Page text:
The little things matter

Dr Kate Granger, a Specialist Registrar in Geriatric Medicine currently working at Leeds Teaching Hospitals Trust, is terminally ill with cancer. Here, in another intensely personal blog, she explains why trust in the people caring for you is so vital:

I am blessed to be looked after by some of the kindest, most dedicated doctors the NHS has to offer.

But what makes these people – my Oncologist, my Palliative Care Consultant, my Urologist and my GP – kind and dedicated? Why do I trust them implicitly with the management of my cancer and related health problems? Why do I feel able to share with them sometimes very personal and distressing thoughts? What makes these people different from other doctors I have encountered on this journey and struggled to build a rapport with?

I believe much of my trust in these professionals has been built upon behaviours they all exhibit which I refer to as ‘the little things’.

In my mind ‘the little things’ aren’t little at all, they are indeed huge and of central importance in any practice of healthcare. When I say ‘little things’ I mean someone sitting down next to you rather than standing over you; someone holding your hand when you’re upset or distressed; someone taking that extra moment to really listen and allow you to express your fears; someone recognising you are in pain and being gentle when they examine you.

I have just been through a cycle of palliative chemotherapy for a recent progression in my cancer. Consenting to further chemotherapy was a hugely difficult decision to make, knowing that without treatment my life expectancy was going to be measured in weeks, but also being fully aware of how much suffering I was about to expose myself to given my previous experiences.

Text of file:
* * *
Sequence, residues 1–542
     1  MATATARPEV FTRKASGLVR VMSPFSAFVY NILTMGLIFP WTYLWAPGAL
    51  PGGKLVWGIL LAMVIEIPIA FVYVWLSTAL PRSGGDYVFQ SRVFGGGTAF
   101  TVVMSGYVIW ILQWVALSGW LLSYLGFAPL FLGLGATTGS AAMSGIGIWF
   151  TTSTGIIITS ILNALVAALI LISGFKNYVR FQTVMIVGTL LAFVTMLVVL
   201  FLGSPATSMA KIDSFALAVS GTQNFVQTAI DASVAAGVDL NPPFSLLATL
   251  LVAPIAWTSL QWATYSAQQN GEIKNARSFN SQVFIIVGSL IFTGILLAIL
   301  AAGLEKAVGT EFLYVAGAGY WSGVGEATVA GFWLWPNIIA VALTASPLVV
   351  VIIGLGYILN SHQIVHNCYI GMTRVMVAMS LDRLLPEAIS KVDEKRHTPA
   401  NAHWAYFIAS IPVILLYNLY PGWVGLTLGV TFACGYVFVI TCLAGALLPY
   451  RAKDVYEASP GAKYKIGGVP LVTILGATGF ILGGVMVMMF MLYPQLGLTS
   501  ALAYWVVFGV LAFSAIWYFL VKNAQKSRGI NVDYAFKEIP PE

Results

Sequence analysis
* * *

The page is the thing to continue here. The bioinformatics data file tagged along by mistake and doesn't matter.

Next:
The support I received to make this decision was however, superb. My Oncologist spent a great deal of time gently exploring all the options at my level and my Palliative Care Consultant let me use her as a sounding board with her fantastic listening skills.

In both interactions I felt truly at the centre of what was happening. I was not being told what to do and there was definitely a partnership in decision making that respected my own views, ideas and concerns. This support helped me to accept treatment as the right way forward at that particular time. Because of their skills and ‘the little things’ it felt as though I had consented to treatment on my own terms.

When the first cycle of chemotherapy was complicated by febrile neutropaenia and I ended up hospitalised, feeling physically very unwell and psychologically consumed by second thoughts regarding my decision to pursue chemotherapy, both my Oncologist and Palliative Care Consultant were there for me. They intuitively understood. They sat down. They listened. The ‘little things’ were on full display helping me to feel supported and allowing me to express my distress openly.

Compassion is the buzz word in the NHS at present. We, as healthcare professionals, are all constantly being told to be more compassionate. We hear stories of compassion failure every day in the media. I believe giving proper consideration to ‘the little things’ however, goes a long way to increasing the compassion we display to our patients, helping them to feel supported, respected and cared for during illness, at what is often the most vulnerable time of their life.

Dr Kate Granger

Kate Granger, 34, was a Consultant in Medicine for Older People at Pinderfields Hospital in Wakefield.